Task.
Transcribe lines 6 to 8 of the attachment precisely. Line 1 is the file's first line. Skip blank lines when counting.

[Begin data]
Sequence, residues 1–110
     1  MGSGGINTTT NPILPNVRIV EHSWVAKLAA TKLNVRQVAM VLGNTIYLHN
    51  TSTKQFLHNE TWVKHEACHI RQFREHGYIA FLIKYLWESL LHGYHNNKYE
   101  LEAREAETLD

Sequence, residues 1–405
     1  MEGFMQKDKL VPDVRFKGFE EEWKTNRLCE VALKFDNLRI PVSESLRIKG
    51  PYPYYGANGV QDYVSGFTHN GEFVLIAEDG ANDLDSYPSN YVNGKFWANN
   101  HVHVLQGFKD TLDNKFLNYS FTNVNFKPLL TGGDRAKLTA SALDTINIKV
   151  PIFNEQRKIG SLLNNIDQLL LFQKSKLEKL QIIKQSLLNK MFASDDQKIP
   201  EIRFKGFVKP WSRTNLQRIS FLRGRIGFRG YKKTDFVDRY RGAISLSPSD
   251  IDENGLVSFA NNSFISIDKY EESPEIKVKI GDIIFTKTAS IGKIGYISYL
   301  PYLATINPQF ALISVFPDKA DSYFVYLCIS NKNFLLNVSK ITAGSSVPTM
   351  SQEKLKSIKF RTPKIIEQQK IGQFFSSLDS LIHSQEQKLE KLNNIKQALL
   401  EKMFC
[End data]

     1  MEGFMQKDKL VPDVRFKGFE EEWKTNRLCE VALKFDNLRI PVSESLRIKG
    51  PYPYYGANGV QDYVSGFTHN GEFVLIAEDG ANDLDSYPSN YVNGKFWANN
   101  HVHVLQGFKD TLDNKFLNYS FTNVNFKPLL TGGDRAKLTA SALDTINIKV